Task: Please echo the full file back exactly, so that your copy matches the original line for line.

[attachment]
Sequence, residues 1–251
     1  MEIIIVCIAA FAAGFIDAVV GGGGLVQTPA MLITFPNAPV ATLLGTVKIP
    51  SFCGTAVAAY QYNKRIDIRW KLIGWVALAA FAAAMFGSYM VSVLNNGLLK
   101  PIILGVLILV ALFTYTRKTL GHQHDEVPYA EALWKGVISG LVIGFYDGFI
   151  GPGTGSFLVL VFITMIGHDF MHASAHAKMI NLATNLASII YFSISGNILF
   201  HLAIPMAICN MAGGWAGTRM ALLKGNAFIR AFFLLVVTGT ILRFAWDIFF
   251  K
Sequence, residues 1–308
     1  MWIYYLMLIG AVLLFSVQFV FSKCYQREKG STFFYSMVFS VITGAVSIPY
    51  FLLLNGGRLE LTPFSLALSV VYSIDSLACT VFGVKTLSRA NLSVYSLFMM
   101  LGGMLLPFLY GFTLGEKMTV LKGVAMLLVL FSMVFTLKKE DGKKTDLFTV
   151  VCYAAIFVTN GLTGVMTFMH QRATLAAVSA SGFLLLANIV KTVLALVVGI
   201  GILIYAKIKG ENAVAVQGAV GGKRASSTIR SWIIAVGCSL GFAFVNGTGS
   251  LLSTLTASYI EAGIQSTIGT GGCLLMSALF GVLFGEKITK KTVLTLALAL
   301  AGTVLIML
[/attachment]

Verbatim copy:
Sequence, residues 1–251
     1  MEIIIVCIAA FAAGFIDAVV GGGGLVQTPA MLITFPNAPV ATLLGTVKIP
    51  SFCGTAVAAY QYNKRIDIRW KLIGWVALAA FAAAMFGSYM VSVLNNGLLK
   101  PIILGVLILV ALFTYTRKTL GHQHDEVPYA EALWKGVISG LVIGFYDGFI
   151  GPGTGSFLVL VFITMIGHDF MHASAHAKMI NLATNLASII YFSISGNILF
   201  HLAIPMAICN MAGGWAGTRM ALLKGNAFIR AFFLLVVTGT ILRFAWDIFF
   251  K
Sequence, residues 1–308
     1  MWIYYLMLIG AVLLFSVQFV FSKCYQREKG STFFYSMVFS VITGAVSIPY
    51  FLLLNGGRLE LTPFSLALSV VYSIDSLACT VFGVKTLSRA NLSVYSLFMM
   101  LGGMLLPFLY GFTLGEKMTV LKGVAMLLVL FSMVFTLKKE DGKKTDLFTV
   151  VCYAAIFVTN GLTGVMTFMH QRATLAAVSA SGFLLLANIV KTVLALVVGI
   201  GILIYAKIKG ENAVAVQGAV GGKRASSTIR SWIIAVGCSL GFAFVNGTGS
   251  LLSTLTASYI EAGIQSTIGT GGCLLMSALF GVLFGEKITK KTVLTLALAL
   301  AGTVLIML